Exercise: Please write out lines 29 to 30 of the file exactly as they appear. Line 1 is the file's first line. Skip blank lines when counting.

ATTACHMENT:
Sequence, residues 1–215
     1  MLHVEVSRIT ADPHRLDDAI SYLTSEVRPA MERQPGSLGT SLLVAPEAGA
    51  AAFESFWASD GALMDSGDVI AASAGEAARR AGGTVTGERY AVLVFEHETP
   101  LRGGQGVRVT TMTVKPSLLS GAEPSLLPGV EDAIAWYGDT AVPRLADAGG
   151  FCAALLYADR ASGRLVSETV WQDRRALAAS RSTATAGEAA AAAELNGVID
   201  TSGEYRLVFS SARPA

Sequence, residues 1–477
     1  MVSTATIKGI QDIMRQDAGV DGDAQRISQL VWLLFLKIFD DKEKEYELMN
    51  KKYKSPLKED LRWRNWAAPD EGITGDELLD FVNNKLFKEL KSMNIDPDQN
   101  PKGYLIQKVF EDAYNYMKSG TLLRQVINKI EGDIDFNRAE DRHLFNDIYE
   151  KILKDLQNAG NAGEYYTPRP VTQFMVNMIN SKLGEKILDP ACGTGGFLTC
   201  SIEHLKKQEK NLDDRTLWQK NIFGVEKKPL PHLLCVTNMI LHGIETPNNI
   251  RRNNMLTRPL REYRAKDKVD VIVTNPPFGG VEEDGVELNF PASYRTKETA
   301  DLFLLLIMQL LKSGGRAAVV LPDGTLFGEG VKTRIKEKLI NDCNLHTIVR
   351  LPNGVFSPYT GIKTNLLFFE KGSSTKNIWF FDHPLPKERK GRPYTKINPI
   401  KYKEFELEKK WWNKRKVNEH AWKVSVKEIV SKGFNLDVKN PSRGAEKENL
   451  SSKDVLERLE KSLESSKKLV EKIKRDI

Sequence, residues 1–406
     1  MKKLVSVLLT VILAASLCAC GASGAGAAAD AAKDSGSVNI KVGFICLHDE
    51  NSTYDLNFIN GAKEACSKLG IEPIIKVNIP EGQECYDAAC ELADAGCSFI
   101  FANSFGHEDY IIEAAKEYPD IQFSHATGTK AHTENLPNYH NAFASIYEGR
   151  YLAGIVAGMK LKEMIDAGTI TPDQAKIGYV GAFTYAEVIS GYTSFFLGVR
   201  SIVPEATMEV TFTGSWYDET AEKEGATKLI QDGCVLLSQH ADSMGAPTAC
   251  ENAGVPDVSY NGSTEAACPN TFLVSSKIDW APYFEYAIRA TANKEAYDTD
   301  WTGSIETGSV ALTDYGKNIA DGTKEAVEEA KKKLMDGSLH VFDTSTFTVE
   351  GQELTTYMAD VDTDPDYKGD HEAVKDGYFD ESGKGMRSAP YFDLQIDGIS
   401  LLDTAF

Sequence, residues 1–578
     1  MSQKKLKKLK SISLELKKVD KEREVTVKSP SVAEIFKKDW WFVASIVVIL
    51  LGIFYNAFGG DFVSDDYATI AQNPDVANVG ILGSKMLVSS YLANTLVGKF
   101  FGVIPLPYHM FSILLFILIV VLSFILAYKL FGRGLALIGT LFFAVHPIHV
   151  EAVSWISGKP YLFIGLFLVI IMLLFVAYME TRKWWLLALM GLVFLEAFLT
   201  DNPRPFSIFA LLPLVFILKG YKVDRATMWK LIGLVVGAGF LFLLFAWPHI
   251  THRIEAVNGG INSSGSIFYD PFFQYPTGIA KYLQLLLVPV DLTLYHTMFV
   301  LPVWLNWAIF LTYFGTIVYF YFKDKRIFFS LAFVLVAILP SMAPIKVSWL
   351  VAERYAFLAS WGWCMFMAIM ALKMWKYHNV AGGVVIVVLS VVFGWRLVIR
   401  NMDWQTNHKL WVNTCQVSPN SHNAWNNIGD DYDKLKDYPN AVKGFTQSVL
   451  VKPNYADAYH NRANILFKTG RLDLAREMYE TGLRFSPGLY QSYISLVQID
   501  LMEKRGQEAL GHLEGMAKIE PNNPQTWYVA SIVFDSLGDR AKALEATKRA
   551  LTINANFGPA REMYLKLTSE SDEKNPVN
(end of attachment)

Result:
     1  MSQKKLKKLK SISLELKKVD KEREVTVKSP SVAEIFKKDW WFVASIVVIL
    51  LGIFYNAFGG DFVSDDYATI AQNPDVANVG ILGSKMLVSS YLANTLVGKF